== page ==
by Beth Livingston
Certified Recovery Specialist
Well, another holiday is just around the corner and some of us may be at family gatherings where the “drinks are on the house.” It’s been a long time since I drank, but I still know the temptation can be great – the peer pressure too! How are you feeling about your chance of staying alcohol free during this upcoming holiday? We may be around people having lots of fun having a few drinks. And we may be around folks who routinely have a glass of wine with a meal and it never leads them to a life of alcoholism. They may not understand why we need to avoid alcohol. How will we be able to make it through the holidays without a drink?
Alcoholics are used to drinking on Thanksgiving and Christmas. Celebrations, in general, can stir recovering alcoholics to drop their guard and have a drink (or two or more). When we make the life choice to stop drinking, the holidays can be a tremendous time of uneasiness and temptation. We have to be aware of this trigger and plan how to handle the temptation ahead of time. The desire to drink can be even bigger if we’ve suffered tremendous loss during this year or we’re lonely.
Holidays are family times and that sometimes means we will be in the company of family members who have caused or still cause us emotional pain. Spending the day with them can bring on such uneasiness that we use our favorite method of escape. Have you found some healthy ways of making it through these days?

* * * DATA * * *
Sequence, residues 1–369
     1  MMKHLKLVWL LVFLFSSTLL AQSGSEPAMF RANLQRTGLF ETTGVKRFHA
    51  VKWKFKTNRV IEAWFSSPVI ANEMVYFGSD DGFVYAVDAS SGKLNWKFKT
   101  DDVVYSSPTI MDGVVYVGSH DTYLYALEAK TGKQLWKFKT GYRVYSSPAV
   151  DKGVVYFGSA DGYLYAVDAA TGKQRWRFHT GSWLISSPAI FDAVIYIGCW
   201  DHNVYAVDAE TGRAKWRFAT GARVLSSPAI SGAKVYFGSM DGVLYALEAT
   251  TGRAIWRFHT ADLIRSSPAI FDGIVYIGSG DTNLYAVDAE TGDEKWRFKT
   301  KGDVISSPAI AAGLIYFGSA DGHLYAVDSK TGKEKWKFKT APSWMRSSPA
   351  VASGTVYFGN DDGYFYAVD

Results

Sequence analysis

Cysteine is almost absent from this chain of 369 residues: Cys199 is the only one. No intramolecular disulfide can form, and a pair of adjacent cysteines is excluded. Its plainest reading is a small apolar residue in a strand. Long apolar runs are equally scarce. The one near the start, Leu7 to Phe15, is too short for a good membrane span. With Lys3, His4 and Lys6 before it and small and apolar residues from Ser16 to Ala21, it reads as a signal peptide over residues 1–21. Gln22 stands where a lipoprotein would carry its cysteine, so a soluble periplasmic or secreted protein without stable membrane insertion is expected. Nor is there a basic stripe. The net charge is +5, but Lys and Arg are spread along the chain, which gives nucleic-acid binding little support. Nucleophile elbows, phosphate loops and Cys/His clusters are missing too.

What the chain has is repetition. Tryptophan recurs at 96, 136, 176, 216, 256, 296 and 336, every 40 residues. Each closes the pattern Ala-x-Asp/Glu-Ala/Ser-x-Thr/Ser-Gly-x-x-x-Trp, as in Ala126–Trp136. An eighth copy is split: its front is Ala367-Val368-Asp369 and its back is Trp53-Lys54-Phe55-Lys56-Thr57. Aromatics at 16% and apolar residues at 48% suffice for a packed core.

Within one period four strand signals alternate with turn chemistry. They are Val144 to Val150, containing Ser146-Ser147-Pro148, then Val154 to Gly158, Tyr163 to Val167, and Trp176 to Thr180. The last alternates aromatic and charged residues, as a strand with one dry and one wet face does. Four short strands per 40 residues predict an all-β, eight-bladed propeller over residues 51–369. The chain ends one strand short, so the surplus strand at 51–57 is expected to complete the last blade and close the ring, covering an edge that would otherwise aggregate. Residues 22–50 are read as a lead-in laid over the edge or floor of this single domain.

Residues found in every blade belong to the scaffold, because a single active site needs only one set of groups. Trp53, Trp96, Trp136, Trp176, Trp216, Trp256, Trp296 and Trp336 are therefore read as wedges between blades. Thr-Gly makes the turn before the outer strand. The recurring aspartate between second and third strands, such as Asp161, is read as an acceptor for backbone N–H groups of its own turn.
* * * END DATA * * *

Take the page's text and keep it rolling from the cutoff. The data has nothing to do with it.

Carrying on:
Someone said at a recent recovery meeting that planning how you will handle a situation before you encounter it will give you a better chance at making right choices. She said, "If you fail to plan, you plan to fail." That seemed like a reasonable strategy for success. Can you share with us what your plan is to stay sober this year? It may help someone else.
I have a plan to go outside or to the bathroom and pray to Jesus to help me avoid returning to alcohol, the deceptive fun in a bottle that nearly destroyed my life. I have purposely left a room and gone somewhere by myself and prayed several times in one day during past holidays. The battle for our sobriety is bigger than we are, so it’s so important for us to turn to our Lord. Have you come face-to-face with this struggle between righteousness and the buzz? How did it turn out?
Just one drink can send us down a path we promised ourselves we weren’t going to travel again.
Rather than raising a glass in a toast, let's lift up a prayer to God:
Jehovah God, you are worthy of all praise and all our trust. These days of celebrating Thanksgiving in the United States and the Holy Birth of Jesus Christ the world over are days that we desire to honor you God. Help us to praise you with our bodies, our souls and our minds. Many of us struggle with alcoholism, addictions and other behavior defects and want to surrender our wills to Your will right now. We want to love you with all that we are and without shame. Purify us, Oh Lord, for your Glory! Please help us to be free in You! Please help us to be strong in our resolve to have a new life in You. We trust the Holy Spirit to comfort us instead of the things of this world that used to comfort us. We will have no other gods before you!